No, seriously, ask away. The email is on the right.
That's great and all, but I personally don't like the general obsession with technology. I see it around me every day, esp. in the younger generation (this is coming from a 24 year old... I sound like I'm 50 or something). It's killing genuine physical connection. I can't live without a cell phone myself because of the necessity, but I can't imagine staring into that screen texting away 24/7 (computers are the same way). Especially the comments at the end of the article were disturbing, as if they were implying that voice-to-voice and face-to-face communication are losing worth. Emotions get left behind with text.I think it's great how Korea and other developed countries have come such a long way with communications and have brought many benefits, but I just hope the essential part of human interaction doesn't become a thing of the past. I just imagine that people will become too lazy to try to see each other in person, even if they have the time and means. Really grumpy comment, I know. Just my thoughts. >_>
What age do you think these young people will get RSI in their thumbs? Their joints are young now, but it's going to happen to a lot of them.
Also, when telephones and email were introduced, a lot of people thought that these technologies would destroy the art of communication and cause everyone to become reclusive shut-ins. Texting, instant messaging, emailing, and telephoning all allowed us to reduce the number of times we *need* to see someone face-to-face. However, until we figure out how to change our basic neural wiring, or maybe when we start raising babies from birth in isolated incubators, people will still *want* to spend time physically together with their family and friends.
I agree with the original poster (and you're not real grumpy, just realistic) - this isn't a record that, IMHO, is something Korea should be proud of. Texting is antithetical to human contact.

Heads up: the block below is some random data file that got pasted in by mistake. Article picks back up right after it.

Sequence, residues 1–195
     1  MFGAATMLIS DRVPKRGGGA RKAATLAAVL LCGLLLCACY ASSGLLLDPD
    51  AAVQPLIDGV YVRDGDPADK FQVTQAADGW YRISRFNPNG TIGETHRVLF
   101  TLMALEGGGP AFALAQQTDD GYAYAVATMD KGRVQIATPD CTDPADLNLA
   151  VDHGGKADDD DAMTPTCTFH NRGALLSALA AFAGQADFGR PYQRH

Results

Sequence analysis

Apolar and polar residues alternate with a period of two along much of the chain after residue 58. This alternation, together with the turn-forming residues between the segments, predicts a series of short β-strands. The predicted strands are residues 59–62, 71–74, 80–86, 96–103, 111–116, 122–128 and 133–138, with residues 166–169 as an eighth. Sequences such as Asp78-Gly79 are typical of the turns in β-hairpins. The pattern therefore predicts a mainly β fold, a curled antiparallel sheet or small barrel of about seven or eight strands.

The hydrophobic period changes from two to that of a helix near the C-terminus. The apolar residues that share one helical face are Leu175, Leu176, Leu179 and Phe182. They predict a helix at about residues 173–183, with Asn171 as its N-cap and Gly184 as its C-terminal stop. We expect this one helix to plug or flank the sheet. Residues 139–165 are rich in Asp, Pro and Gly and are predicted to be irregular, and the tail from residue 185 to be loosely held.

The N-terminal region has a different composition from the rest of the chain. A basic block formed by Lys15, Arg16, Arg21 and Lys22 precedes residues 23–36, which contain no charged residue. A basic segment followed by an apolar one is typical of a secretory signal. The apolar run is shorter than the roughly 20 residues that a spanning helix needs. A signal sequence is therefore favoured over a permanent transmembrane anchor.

CactusMcHarris, telephone was considered antithetical to human contact at a point. Now guess what? A phone call is considered very personal. So does an email, a text, a facebook wall entry, and a tweet(oh noes). Get with the program.
I am currently away from almost all of my good friends including family, and I thank the heavens that stuff like internet and phones exist so I can at least keep in touch with them from afar. I am bemoaning the trend where people clutch their phones with them like a second skin, always checking and sending text messages. If you look at some of their faces, the expressions are blank and empty. (It reminds me of sci-fi depictions of robotic beings in the future...or a nightmare where emotion itself will be a precious commodity, haha.) I see no good in that. It would be better if they were at least doing voice calls as much. It's just considering the whole picture. More than ever before, the US (Europe?) and Asia are putting out new models and gadgets at light speed every day. People just gotta have it all. Materialism is far outdoing the desire to nurture relationships in the fundamental way. There isn't a balance.I really think technology is a wonderful thing. But only if it's taken seriously, and not becoming our best friend (master?), instead of our actual human friends. I'd like to see someone argue that televised commercials (in the 20-21st centuries) have helped us more than they've harmed. Heck, TV in general has replaced a lot of physical activity and real interaction. I am nobody to judge others for their habits, but I wouldn't feel comfortable if I were walking around with a friend who pays more attention to his/her phone than the physical presence beside him/her. Why would you spend time with someone if you are constantly thinking about someone/something else?I guess one's social disposition, just like everything else, is a state of mind. That's all. I hope I didn't get off-topic. :)
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